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US to widen sanctions on sale of semiconductor chips to Russia, sources say

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The moves are part of a broad push by the Biden administration to respond to Russia’s efforts to circumvent Western sanctions and choke off its war effort against Ukraine.

The US government plans on Wednesday to announce wider sanctions on the sale of semiconductor chips and other goods to Russia. Picture: Pete Linforth, Pixabay

Andrea Shalal, in WASHINGTON – The US government plans on Wednesday to announce wider sanctions on the sale of semiconductor chips and other goods to Russia, with the goal of targeting third-party sellers in China, sources familiar with the plans said late on Tuesday.

The moves are part of a broad push by the Biden administration to respond to Russia’s efforts to circumvent Western sanctions and choke off its war effort against Ukraine.

The administration will announce it is broadening existing export controls to include US-branded goods, not just those made in the United States, the sources said. It will identify certain Hong Kong entities it says are shipping goods to Moscow.

The White House and Commerce Department had no immediate comment on the changes, which were first reported by Bloomberg.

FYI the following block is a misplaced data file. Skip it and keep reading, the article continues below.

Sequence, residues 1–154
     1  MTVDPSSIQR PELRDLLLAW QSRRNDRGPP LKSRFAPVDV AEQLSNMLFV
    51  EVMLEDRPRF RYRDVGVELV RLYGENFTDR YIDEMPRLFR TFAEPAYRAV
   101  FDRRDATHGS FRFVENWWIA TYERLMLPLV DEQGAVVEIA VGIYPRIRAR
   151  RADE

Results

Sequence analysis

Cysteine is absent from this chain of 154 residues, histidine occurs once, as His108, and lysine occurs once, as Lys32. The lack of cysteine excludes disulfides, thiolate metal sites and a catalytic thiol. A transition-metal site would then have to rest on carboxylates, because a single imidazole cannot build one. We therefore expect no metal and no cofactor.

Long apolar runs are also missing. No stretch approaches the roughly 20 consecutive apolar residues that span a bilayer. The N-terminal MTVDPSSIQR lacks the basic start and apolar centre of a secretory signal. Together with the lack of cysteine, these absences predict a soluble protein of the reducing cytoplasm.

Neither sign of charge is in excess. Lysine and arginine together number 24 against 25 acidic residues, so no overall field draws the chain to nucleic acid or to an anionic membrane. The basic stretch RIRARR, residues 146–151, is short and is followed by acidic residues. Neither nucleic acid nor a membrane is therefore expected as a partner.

White House spokesperson John Kirby told reporters earlier Tuesday that Washington would announce new sanctions and export controls against Russia.

The news came as US President Joe Biden prepared to depart early Wednesday for a summit in southern Italy with leaders from other Group of Seven democracies.

One of the top priorities for the G7 leaders is boosting support for Ukraine, now in the third year of resisting Russia’s invasion, and disarming the Russian war machine, one of the sources said.

US officials have expressed growing frustration about China’s burgeoning trade with Russia, which they say is allowing Moscow to keep arming its military. Exports from China and other countries of machine tools and other manufacturing equipment are helping it to produce weapons it previously imported, two sources familiar with the matter said.

Changes are needed to broaden the definition of US goods covered by the export controls, they argue, given that Moscow has now shifted its entire economy to focus on the war.

Daleep Singh, White House deputy national security adviser for international economics, told the Center for a New American Security last week that Ukrainian President Volodymyr Zelenskiy was to meet with G7 leaders to underscore the dire situation facing Ukrainian forces in their battle against Russia.

Washington is also poised to announce significant new sanctions against financial institutions and non-banks that are part of the “technology and goods channels” that are supplying the Russian military, the sources said.

Reuters

Reporting by Andrea Shalal; Editing by Jacqueline Wong and Christopher Cushing

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